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Shooing Away Your Inner Pigeon

By Daniel Hubbard | January 17, 2010

A funny thing happened to me on the way home from the library the other day. I’d been working in some genealogy databases—typing away, looking through the search results, then more typing… After doing what I’d planned to do, it was time to walk home. On the way, I thought of a psychology lecture I’d listened to a few days earlier.

If you don’t recognize the name, B. F. Skinner might be mistaken for an exterminator. He did, after all, spend much of his life with rats and pigeons. Skinner was, in fact, the founder of the school of psychology known as radical behaviorism. He is the man who put rats into boxes with little levers that, when pressed, released a food pellet. Perhaps the first time the rat moved the lever would either be a product of general sniffing around to check out the box or simply accidentally treading or sitting on it. Once the food appeared, the rat became more focused on what had happened and after an additional pellet or two, the behavior was learned and the rat continuously demonstrated expertise at this new method of gathering food.

The Genealogists Inner Pigeon (from Wikipedia)

Later, he worked with pigeons. Partially to keep the cost of feed down, he began to require the bird to peck not once but twice, three times, or more, before receiving food. The birds quickly learned how to peck the right number of times in rapid succession, spoiling Skinner’s attempt to reduce their overeating and save on birdseed. Later he tried rewarding the birds not after a fixed number of times but after a randomly varying number of times. The bird still needed to peck or nothing would happen but all guarantees were removed. An amazing thing occurred. His pigeons learned to just peck and peck and peck until something happened. It didn’t seem to matter that the last reward was a month before, the birds kept trying. Skinner called this gambling behavior and compared it to the way people perch on stools in front of slot machines, endlessly putting in coins and pulling levers, waiting for a reward.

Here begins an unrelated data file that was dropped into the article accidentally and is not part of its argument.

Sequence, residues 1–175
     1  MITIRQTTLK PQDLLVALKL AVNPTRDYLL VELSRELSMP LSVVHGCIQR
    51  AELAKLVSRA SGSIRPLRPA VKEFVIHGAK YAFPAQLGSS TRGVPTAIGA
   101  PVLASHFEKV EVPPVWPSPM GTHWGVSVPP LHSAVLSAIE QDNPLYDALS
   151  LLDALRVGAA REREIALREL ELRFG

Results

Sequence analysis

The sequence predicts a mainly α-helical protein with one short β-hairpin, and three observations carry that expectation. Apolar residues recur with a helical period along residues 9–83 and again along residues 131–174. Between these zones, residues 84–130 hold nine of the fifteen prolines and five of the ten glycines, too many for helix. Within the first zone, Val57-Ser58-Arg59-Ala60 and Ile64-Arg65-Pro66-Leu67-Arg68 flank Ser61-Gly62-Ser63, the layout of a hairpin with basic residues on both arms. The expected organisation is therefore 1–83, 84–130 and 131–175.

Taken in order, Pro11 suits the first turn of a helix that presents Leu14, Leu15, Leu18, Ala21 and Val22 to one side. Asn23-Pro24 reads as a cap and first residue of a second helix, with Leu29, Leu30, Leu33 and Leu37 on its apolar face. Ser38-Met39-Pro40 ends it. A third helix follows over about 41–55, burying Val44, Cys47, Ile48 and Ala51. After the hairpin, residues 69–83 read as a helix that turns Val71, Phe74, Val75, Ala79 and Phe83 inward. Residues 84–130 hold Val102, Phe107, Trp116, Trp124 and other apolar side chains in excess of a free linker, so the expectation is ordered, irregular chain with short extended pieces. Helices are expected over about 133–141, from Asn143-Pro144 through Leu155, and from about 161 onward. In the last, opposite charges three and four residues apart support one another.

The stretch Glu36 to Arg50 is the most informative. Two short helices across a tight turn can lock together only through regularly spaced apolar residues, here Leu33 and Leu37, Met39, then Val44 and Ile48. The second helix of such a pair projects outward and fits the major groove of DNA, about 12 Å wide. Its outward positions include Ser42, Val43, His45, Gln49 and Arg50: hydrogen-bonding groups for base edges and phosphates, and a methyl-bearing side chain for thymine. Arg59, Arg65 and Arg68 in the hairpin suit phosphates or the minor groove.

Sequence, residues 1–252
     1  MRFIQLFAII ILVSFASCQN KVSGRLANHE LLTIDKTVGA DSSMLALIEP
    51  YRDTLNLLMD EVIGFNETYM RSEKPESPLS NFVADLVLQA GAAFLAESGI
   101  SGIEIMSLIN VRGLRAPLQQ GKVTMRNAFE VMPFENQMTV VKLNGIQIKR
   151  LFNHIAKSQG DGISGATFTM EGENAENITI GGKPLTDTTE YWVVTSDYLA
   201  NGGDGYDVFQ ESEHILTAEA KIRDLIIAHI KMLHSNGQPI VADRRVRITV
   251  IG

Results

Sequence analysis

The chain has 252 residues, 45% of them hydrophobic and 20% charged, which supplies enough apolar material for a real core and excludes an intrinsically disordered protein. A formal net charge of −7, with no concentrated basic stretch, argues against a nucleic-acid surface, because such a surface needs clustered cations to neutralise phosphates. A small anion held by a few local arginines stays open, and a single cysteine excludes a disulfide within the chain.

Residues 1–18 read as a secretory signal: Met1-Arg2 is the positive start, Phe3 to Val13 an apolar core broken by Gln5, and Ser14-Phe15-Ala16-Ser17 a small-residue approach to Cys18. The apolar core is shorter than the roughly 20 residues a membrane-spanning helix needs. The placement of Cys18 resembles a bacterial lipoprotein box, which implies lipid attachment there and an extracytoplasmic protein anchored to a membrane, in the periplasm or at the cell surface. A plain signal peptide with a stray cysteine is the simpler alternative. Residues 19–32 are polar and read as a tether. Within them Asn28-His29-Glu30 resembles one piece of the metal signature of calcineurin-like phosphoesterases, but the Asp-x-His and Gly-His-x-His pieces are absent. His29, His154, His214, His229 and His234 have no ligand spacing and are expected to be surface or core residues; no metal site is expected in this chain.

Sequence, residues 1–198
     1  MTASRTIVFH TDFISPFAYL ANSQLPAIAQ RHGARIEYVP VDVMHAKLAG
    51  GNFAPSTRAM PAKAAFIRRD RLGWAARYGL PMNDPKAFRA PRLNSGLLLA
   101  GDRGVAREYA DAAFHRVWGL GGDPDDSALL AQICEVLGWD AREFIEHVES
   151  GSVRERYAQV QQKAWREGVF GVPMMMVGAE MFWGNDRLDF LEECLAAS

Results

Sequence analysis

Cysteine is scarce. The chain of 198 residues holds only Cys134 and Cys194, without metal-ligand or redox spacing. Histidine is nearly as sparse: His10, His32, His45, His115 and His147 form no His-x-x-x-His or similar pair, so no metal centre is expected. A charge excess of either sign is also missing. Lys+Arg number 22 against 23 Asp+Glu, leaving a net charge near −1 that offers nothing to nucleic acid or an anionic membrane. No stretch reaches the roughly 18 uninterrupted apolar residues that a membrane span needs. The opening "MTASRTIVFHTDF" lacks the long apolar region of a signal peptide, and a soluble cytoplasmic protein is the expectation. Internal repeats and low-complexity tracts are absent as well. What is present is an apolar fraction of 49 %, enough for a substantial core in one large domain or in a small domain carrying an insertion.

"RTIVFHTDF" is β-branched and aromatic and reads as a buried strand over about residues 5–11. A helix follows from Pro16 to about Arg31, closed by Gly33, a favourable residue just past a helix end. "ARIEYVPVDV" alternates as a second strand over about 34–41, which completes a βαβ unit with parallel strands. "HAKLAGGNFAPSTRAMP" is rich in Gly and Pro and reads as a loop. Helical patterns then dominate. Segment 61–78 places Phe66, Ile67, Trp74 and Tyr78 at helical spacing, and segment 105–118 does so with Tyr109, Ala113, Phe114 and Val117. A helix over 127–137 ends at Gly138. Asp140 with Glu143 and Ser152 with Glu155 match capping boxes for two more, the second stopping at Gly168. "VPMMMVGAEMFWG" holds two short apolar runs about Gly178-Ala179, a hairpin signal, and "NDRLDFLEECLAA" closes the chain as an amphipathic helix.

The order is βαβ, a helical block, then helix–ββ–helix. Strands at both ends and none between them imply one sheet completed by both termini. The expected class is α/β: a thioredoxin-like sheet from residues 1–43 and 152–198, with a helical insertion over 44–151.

As you may have guessed by now, it was no coincidence that these thoughts came to me while walking home from the library’s computer area. It takes effort to avoid falling into “pecking pigeon” mode while sitting at the computer searching—doing something but not accomplishing anything, just pecking away, waiting for the feed pellet to roll out of the CD drive slot with great-great-grandpa’s obituary on it.

The serious side to this is that one needs to really analyze what to search for, what resources to use, the time it will take and its chances of success, preferably before heading off to the archive or sitting down at the computer. Even better, write down what you plan to do. You may never look at the plan, you may not need to look at it for it to do you some good. There are many reasons to make serious use of your plan—as a skeleton for your research log and as a checklist to make sure research tasks don’t get forgotten, to name only two—but just the act of writing down your plan makes it more real and helps you remain on track.

You can always decide to be flexible, to do things differently, but that mental step of going outside your plan helps to keep you focused even then. Instead of just mentally wandering off, you will have to make the conscious decision to not follow your plan and you will be aware of the pros and cons. You will get a little voice inside of you asking if this is really the best use of your time and reminding you of what you had planned to do and how well thought out that was. Even a simple plan is an important way to prevent your “inner pigeon” from starting to aimlessly peck away.

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